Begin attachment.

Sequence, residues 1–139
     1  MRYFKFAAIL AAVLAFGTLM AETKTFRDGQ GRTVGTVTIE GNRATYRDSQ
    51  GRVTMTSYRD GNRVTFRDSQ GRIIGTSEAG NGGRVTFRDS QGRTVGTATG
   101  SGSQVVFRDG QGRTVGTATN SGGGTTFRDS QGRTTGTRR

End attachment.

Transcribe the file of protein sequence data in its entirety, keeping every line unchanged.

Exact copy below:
Sequence, residues 1–139
     1  MRYFKFAAIL AAVLAFGTLM AETKTFRDGQ GRTVGTVTIE GNRATYRDSQ
    51  GRVTMTSYRD GNRVTFRDSQ GRIIGTSEAG NGGRVTFRDS QGRTVGTATG
   101  SGSQVVFRDG QGRTVGTATN SGGGTTFRDS QGRTTGTRR